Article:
Comparing vegetarian and non vegetarian populations, there is evidence that the incidence of colorectal cancer among non vegetarian Mormons is lower than that of vegetarian Seventh Day Adventists (N Eng J Med, 1976; 294: 132). While the high fibre content of the vegetarian diet is thought to exert a protective effect, an analysis of 13 case controlled studies of the relationship between fibre intake and colorectal cancer showed that low fibre intake was not a significant risk factor in the development of the disease (Epidemiol, 1994; 5: 66-79).
Although reviews in America and Australia have showed a positive correlation with meat intake and the development of colorectal cancer (Eur J Cancer Prev, 1991; 2: 13-20), reviews of European populations show no such association (Eur J Cancer Prev, 1997; 6: 415-17).
The most recent epidemiological study into the relationship between bowel cancer and meat eating also showed no such relationship (Pub Health Nutri, 1998; 12: 31-44). The analysis pooled data from five studies looking at mortality from all causes among 76,000 men and women, 28,000 of whom were vegetarians. After 11 years of follow up, there were 8,330 deaths from all causes. While vegetarians who had followed their regime for more than five years were 35 per cent less likely to die from the condition, they were no less likely to develop bowel cancer in the first place. The research also showed that the risk of developing cancers of the lung and prostate was not significantly different between meat eaters and non meat eaters. Thus, while a plant based regime may help you fight off disease more efficiently once it strikes, it may not stop you from getting it in the first place.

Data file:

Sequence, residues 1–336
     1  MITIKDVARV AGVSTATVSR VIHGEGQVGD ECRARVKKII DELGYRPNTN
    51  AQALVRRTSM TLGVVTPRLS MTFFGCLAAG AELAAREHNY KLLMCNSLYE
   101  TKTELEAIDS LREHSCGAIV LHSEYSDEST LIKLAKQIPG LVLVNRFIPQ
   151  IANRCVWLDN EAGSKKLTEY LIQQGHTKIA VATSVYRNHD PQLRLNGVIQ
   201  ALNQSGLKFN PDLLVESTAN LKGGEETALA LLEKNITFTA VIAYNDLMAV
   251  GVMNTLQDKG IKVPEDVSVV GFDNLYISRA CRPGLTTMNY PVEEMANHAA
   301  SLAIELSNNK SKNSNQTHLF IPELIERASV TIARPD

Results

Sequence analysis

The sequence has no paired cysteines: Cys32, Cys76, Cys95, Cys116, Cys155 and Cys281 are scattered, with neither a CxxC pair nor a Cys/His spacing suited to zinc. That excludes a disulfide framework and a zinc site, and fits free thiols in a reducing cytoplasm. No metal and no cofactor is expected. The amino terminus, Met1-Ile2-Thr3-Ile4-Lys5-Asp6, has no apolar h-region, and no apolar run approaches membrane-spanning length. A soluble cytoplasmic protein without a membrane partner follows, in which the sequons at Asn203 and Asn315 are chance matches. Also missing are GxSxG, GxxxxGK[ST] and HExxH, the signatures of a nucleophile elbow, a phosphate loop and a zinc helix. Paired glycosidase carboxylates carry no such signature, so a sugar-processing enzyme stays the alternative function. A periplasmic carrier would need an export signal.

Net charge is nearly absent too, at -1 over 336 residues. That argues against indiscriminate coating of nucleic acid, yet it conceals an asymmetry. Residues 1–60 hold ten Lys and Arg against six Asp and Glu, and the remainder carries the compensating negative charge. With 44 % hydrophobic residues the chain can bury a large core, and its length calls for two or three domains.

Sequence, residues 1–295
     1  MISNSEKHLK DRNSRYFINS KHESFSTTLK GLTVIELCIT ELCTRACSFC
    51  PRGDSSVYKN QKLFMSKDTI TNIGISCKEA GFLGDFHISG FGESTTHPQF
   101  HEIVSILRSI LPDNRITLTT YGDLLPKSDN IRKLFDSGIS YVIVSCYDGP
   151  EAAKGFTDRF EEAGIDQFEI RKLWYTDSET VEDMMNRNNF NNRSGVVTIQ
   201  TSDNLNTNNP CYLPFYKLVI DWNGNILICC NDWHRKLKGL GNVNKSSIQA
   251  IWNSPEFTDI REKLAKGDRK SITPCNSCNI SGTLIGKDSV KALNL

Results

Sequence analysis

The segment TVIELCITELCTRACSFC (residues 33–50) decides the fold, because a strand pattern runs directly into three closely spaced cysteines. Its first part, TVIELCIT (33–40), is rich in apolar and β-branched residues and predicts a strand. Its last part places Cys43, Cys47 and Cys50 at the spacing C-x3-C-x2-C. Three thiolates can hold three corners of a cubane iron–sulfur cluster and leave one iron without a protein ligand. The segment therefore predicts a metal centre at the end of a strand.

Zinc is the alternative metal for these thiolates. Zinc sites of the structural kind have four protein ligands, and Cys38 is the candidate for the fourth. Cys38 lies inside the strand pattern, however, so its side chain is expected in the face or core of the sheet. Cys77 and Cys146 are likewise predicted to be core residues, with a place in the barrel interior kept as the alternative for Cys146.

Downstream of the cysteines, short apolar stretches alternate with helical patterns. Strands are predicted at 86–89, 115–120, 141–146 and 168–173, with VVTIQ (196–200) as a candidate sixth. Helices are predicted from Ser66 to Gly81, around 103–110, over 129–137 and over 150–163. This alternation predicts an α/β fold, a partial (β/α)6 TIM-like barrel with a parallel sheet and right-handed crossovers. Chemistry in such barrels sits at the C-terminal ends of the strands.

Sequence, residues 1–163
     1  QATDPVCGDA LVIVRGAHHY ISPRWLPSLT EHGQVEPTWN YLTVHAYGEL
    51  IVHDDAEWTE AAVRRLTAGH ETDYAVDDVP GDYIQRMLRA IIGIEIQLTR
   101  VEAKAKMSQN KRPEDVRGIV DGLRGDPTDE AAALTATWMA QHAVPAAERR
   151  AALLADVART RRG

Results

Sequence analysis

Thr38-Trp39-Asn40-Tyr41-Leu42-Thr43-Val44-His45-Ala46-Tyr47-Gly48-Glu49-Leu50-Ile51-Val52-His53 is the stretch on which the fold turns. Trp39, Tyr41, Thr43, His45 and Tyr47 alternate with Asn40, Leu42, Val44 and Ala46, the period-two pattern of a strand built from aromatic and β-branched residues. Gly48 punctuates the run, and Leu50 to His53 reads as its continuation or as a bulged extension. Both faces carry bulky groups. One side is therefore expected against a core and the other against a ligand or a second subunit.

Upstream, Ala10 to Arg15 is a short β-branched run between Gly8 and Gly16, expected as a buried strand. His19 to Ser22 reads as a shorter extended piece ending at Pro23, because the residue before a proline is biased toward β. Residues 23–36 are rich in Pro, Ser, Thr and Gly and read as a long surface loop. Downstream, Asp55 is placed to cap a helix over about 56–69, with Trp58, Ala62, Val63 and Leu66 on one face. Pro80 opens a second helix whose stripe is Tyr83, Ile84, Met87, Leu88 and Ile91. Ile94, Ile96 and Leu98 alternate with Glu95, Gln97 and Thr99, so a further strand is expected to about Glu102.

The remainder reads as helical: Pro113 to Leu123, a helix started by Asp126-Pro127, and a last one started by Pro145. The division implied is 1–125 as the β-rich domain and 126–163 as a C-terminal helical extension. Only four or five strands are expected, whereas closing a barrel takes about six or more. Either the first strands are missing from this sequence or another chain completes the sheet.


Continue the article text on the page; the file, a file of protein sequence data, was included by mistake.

Currently the UK has the lowest intake of red meat in the European Union but one of the highest incidences of colorectal cancer. The four countries with the lowest mortality from colorectal cancer, Greece, Italy, Spain and Portugal, all have a higher intake of red meat. But they also have a much higher intake of protective fruits, vegetables and cereals. This suggests that increasing protective dietary factors may carry more weight than cutting out purported “causal” factors such as red meat (Nutri Bull, 1998; 23: 79-83).